In preparing some small group discussion notes for my church this weekend I was struck by the contrast between Genesis 2:15 and Genesis 3:17.
Genesis 2:15 says this: “The Lord God took the man and put him in the Garden of Eden to work it and take care of it.” (NIV) Note that this is taking place in the Garden of Eden, before the ‘apple incident’, when man and God were still cool. Also note that God put man in the Garden to work; that’s an important point because it means that even in the Garden people had to punch a clock. The word the NIV translates as “work” here is translated in the NASB as “cultivate”; one of the translations of the original Hebrew word is, “to work for another, serve another by labour.” The general sense of the Hebrew is to work for, or serve, God. So in the Garden, man was serving God by working His land.
Now fast-forward to Genesis 3:17 (this is after Adam & Eve eat the fruit of the forbidden tree) when God says to Adam, “Cursed is the ground because of you; through painful toil you will eat food from it all the days of your life.” (NIV) Just one chapter ago God put man in the Garden to work, and that was the ideal situation we all wish we’d been born into. Now all of a sudden, after sinning against God, Adam isn’t just going to work, but he’s going to toil. The Hebrew word that the NIV translates as “toil” also translates as pain, labor, hardship, and sorrow.
After Genesis 3 God is no longer present to humanity in a bodily way and humanity loses (for the moment) its intimate relationship with the Creator. Man is now toiling on his own to feed himself rather than working for God in His Garden.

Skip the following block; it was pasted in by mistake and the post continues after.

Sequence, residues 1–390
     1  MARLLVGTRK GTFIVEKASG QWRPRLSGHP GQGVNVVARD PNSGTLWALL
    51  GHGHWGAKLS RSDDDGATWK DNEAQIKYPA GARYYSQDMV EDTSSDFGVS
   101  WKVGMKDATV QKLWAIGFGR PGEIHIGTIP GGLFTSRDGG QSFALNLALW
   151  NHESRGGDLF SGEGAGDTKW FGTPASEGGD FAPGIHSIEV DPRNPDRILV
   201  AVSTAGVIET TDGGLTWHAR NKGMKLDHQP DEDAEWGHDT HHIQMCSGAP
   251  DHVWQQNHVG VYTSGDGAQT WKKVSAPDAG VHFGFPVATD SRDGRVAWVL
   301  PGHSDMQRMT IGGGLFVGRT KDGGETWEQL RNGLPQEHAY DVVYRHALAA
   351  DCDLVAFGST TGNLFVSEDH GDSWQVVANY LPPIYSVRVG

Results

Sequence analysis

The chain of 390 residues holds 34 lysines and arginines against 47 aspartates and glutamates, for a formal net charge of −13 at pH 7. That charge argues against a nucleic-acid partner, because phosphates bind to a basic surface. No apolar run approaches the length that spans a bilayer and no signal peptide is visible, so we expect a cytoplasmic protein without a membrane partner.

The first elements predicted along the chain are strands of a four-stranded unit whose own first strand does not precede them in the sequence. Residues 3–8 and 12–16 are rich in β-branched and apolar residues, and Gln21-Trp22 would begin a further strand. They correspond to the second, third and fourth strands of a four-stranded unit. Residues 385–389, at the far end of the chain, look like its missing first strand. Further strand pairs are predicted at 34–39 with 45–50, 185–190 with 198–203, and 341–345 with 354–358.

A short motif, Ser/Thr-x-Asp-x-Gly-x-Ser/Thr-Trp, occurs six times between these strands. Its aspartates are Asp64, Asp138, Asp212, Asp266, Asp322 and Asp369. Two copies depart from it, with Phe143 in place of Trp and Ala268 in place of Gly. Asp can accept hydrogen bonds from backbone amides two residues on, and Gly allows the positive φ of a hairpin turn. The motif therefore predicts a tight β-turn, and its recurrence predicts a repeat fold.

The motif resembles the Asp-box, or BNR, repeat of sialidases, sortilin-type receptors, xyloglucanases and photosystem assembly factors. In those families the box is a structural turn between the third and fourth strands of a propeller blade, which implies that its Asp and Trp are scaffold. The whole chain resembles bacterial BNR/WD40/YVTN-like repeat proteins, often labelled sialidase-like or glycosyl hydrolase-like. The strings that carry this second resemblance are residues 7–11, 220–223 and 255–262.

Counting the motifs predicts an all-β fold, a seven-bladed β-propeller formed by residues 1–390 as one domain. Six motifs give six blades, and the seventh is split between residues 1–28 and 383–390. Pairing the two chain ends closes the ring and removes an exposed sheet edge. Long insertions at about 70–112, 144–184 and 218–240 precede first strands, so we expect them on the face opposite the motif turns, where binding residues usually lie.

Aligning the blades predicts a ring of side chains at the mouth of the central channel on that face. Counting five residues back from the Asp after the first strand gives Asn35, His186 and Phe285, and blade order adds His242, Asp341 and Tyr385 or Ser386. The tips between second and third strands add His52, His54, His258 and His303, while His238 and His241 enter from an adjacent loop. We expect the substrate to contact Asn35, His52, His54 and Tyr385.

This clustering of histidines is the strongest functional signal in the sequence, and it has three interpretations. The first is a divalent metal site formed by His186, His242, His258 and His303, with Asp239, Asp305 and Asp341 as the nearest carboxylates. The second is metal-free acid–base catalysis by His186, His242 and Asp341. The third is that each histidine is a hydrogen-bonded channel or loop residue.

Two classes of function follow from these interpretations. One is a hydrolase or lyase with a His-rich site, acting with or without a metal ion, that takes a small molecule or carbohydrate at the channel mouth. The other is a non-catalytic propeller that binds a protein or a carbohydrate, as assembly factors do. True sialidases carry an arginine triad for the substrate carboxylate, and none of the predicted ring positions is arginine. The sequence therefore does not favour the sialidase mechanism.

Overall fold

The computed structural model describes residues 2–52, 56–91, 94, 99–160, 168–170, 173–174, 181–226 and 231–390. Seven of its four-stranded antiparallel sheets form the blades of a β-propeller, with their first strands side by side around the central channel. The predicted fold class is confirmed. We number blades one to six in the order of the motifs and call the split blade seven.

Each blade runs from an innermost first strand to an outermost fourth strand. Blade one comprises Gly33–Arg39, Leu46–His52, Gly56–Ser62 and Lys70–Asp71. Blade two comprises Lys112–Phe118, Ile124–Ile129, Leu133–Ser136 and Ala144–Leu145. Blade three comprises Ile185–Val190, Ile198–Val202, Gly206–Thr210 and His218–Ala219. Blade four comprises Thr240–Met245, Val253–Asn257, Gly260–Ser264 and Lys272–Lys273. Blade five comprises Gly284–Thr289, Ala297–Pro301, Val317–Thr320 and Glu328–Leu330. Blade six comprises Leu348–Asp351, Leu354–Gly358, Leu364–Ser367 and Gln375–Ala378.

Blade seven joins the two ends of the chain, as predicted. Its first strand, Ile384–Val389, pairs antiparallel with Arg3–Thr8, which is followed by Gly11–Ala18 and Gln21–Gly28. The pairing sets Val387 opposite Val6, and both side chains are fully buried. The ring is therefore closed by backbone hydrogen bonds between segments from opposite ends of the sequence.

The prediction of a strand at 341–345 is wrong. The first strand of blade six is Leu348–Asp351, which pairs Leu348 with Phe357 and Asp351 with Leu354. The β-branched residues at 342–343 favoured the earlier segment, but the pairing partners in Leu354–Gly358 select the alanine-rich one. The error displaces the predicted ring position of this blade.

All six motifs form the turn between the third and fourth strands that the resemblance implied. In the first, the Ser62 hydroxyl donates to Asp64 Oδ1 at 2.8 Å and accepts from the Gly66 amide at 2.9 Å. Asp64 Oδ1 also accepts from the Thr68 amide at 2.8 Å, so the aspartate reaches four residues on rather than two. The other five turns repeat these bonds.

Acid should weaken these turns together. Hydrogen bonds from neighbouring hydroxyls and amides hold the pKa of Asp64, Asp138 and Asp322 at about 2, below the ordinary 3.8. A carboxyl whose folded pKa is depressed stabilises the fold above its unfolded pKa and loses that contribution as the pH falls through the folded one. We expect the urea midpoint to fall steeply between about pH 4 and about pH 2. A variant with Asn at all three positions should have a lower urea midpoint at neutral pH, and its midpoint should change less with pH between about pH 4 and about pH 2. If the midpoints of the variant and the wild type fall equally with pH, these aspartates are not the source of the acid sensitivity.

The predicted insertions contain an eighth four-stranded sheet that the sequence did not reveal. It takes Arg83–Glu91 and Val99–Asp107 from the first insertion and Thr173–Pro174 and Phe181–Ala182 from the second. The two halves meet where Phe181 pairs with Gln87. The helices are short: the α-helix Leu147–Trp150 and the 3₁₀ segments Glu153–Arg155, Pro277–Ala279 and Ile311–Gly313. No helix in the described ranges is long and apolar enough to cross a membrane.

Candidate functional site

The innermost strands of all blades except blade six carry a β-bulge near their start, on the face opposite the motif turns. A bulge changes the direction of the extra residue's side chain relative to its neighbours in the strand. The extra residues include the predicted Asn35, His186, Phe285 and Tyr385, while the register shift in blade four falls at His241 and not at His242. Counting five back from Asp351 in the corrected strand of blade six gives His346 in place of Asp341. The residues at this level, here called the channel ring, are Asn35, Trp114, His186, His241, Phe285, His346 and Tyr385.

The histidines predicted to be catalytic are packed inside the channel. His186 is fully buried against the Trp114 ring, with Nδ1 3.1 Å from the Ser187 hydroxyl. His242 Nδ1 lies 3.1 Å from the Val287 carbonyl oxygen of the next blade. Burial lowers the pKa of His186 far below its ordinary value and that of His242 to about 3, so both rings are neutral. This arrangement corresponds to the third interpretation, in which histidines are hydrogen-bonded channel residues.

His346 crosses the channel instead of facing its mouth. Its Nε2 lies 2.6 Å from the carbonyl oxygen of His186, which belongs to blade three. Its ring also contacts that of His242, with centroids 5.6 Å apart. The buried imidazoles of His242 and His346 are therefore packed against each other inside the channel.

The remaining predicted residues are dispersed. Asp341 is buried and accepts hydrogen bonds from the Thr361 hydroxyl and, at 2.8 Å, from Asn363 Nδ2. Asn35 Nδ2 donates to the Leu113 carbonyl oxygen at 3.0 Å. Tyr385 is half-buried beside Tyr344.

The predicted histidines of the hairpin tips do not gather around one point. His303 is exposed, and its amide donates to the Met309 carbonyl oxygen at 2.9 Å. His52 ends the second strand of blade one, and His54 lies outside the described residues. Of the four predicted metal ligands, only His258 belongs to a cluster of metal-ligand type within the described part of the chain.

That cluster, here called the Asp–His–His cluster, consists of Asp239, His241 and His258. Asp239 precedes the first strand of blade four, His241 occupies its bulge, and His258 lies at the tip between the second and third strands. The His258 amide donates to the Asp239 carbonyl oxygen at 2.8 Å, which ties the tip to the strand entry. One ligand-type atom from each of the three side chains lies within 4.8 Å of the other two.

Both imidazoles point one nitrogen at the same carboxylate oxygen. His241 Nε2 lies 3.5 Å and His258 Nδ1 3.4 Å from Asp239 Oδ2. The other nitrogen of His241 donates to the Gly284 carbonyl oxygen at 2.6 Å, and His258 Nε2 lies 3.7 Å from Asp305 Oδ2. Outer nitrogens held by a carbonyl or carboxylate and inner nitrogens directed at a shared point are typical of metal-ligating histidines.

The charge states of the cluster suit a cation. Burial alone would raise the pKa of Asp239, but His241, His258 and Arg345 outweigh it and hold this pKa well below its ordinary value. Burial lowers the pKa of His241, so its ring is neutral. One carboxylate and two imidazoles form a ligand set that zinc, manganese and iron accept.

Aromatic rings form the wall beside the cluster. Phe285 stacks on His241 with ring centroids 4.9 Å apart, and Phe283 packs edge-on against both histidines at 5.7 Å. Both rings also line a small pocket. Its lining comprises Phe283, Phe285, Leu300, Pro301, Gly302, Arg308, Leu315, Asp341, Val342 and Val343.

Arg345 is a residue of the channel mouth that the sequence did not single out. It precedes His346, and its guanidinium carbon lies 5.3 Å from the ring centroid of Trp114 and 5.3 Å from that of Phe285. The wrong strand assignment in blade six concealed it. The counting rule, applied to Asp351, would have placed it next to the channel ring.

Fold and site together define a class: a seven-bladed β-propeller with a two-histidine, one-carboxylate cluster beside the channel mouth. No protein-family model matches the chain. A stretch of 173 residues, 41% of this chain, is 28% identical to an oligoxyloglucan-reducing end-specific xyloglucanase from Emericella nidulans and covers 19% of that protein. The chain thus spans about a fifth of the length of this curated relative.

I’ll bet you can see where I’m going with this…We can either let God be in control and we can choose to serve Him, or we can go it alone. Even non-Christians understand this principle and benefit from it. My Dad commented a few weeks ago that there is a ‘flow’ to life, that life goes much easier when you ‘go with the flow’. I wonder if perhaps the ‘flow’ that my Dad senses is God’s will moving in the world…
Life will always be work; there is no free lunch. If you think God’s going to do all the heavy lifting in your life and pamper you like you are at a day spa, you are kidding yourself. But work, when coupled with the notion of serving God through our labor, can be enormously rewarding. And serving God doesn’t necessarily mean going on a mission trip or teaching a Sunday School class; in fact, most of the time I don’t think it means anything like that at all. I think serving God with our labor, working for God, means doing what He created us for. It means finding our own groove, being congruent with ourselves and who we were created to be. Toiling on our own for our own purposes will only ever be hard, disappointing, unrewarding, and ultimately futile.